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Otosclerosis

Otosclerosis

Sound vibrations are collected by the outer portion of the ear and funneled down the ear canal towards the eardrum. The sounds are then transmitted through three tiny bones in the middle ear called the ossicles. These three bones are named the malleus, incus, and stapes. The stapes carries the sound vibration into the fluids of the inner ear, called the cochlea.

If the bones of the middle ear do not carry the sound to the inner ear correctly, hearing loss results. This can happen if the bones are not connected together properly (either fused together or separated apart). One cause of this problem is a disease called otosclerosis. Also, trauma or infection can lead to problems with the middle ear bones, called ossicular chain discontinuity. Some children are born with malformed middle ear bones that don’t conduct sound properly.

Otosclerosis is the abnormal growth of bone in the ear. This can fix the stapes bone in place, preventing it from transmitting sound vibrations properly. For some people with otosclerosis, the hearing loss may become severe. The cause of otosclerosis is not fully understood, although research has shown that it tends to run in families. The disorder usually affects both ears and commonly starts in adults during their 20s and 30s. The hormonal changes that occur during pregnancy often accelerate the hearing loss.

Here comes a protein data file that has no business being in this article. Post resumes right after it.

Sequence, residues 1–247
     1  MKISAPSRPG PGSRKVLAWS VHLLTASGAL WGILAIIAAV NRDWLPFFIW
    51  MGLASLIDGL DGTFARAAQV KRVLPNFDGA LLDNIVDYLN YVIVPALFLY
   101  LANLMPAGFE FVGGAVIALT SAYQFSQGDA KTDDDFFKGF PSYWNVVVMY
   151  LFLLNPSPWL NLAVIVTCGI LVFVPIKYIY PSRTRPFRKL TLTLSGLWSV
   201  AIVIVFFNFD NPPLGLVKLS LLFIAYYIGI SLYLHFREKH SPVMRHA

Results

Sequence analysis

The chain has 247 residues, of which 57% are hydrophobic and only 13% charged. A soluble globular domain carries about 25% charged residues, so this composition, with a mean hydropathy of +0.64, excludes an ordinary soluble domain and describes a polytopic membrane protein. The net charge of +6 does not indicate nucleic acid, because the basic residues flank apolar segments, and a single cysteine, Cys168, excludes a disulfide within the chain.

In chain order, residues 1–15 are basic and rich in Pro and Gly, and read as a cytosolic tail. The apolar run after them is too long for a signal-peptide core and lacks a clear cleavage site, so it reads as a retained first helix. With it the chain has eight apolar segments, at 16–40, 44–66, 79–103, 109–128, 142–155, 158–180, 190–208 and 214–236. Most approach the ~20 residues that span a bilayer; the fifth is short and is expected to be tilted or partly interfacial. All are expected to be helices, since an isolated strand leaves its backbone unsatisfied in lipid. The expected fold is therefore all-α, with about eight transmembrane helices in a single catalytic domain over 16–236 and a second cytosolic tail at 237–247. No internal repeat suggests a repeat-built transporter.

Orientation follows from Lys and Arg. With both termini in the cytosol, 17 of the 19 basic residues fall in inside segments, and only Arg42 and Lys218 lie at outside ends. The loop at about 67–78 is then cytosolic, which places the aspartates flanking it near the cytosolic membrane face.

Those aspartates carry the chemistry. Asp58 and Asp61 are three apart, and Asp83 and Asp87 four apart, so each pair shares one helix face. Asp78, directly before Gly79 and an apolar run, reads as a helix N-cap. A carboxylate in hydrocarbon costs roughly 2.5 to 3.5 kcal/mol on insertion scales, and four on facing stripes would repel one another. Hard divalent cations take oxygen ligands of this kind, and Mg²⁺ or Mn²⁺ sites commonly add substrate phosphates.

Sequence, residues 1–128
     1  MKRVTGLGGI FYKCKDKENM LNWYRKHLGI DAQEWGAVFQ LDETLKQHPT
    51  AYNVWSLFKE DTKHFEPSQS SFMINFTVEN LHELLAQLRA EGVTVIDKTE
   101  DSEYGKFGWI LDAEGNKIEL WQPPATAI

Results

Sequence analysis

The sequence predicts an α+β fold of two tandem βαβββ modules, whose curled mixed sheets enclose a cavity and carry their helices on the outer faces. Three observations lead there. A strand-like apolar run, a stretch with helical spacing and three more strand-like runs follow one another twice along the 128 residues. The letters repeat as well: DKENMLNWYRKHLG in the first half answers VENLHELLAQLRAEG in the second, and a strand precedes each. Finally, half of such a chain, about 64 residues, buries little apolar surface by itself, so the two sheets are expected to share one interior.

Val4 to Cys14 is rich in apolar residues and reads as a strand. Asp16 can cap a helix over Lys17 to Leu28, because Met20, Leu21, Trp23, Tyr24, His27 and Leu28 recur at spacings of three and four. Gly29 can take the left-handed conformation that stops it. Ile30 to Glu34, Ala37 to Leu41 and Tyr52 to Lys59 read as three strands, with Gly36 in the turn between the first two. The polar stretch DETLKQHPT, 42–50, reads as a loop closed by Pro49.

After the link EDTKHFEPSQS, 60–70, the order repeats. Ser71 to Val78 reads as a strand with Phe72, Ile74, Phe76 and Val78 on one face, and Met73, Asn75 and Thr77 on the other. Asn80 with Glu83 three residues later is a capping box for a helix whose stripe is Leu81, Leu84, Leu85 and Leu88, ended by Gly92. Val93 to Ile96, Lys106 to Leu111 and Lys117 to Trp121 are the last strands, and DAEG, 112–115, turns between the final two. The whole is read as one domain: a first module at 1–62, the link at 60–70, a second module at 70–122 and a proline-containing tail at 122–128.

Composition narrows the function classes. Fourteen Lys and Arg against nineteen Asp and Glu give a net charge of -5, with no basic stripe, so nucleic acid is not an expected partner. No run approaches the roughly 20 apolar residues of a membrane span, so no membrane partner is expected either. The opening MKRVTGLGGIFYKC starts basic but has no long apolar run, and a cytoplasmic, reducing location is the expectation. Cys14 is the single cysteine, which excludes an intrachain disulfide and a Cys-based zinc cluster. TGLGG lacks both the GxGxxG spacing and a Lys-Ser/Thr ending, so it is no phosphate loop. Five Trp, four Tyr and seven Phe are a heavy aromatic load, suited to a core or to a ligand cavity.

Hearing loss is the most frequent symptom. The loss may appear very gradually. Many people first notice that they cannot hear low-pitched sounds or that they can no longer hear a whisper. In addition to hearing loss, some people may experience tinnitus. Tinnitus is a sensation of ringing, roaring, buzzing, or hissing in the ears or head that accompanies many forms of hearing loss.

Management strategies include observation, hearing aids or surgery.

2018-01-12T14:25:45+00:00
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